Factors that influence the moral reasoning abilities of accountants: Implications for universities and the profession [Book Review]
David Bourget (Western Ontario)
David Chalmers (ANU, NYU)
Rafael De Clercq
Jack Alan Reynolds
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Journal of Business Ethics 16 (12-13):1297-1309 (1997)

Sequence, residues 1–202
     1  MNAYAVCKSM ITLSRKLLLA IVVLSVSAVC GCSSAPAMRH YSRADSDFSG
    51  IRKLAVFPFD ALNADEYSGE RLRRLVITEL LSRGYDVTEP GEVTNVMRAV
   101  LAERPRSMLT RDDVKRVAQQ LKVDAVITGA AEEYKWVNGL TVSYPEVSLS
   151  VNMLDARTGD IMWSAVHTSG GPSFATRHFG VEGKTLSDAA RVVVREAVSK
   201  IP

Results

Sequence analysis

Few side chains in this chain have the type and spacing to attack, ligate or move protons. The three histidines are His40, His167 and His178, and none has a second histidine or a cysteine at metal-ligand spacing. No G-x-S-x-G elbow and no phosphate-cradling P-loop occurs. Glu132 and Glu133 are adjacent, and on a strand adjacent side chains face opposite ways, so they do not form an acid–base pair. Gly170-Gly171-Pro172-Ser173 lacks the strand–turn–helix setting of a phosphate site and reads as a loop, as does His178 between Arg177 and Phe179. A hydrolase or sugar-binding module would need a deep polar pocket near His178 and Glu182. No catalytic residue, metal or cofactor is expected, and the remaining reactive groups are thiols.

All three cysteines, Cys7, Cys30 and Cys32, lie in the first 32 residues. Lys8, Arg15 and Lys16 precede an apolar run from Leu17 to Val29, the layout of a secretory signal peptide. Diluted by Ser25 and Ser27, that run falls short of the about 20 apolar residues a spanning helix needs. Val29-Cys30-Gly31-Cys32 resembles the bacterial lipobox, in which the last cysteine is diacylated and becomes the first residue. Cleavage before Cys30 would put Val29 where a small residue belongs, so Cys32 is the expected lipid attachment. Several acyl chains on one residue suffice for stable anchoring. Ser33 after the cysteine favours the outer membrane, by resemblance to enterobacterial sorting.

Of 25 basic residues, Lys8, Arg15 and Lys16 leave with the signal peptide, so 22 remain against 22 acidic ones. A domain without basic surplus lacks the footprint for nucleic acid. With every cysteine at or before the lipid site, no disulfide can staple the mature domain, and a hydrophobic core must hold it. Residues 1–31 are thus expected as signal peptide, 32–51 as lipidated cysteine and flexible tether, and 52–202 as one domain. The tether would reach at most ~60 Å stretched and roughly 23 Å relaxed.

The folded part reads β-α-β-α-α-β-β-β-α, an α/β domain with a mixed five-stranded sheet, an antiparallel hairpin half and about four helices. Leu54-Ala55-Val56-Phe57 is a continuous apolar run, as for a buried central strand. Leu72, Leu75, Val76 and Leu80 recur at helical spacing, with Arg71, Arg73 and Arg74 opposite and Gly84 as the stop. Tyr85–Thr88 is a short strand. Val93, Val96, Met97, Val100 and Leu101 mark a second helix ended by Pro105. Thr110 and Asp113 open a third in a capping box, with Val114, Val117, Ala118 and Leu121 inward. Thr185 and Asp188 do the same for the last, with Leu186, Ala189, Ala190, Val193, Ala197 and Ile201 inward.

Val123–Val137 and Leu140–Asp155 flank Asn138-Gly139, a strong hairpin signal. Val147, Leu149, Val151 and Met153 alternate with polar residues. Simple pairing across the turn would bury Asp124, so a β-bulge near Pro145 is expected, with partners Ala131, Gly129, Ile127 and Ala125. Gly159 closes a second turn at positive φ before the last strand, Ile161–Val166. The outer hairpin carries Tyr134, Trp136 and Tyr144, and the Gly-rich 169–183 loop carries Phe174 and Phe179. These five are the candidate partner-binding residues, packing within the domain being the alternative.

The need to maintain the public trust in the integrity of the accounting profession has led to increased interest in research that examines the moral reasoning abilities (MRA) of Certified Public Accountants (CPAs). This study examines the MRA of CPAs practicing in small firms or as sole practitioners and the factors that affect MRA throughout their working careers.The results indicate that small-firm accounting practitioners exhibit lower MRA than expected for professionals and that age, gender and socio-political beliefs affect the moral reasoning abilities of small-firm practitioners. We also find that completion of an ethics course in college has a positive impact on MRA. Also, the survey respondents indicate overwhelming support for including ethics courses within the business curriculum. Finally, the fact that those accountants with the lowest MRA are the least supportive of ethical training may indicate the need for mandatory, rather than optional, training in ethics both in university and Continuing Professional Education courses.
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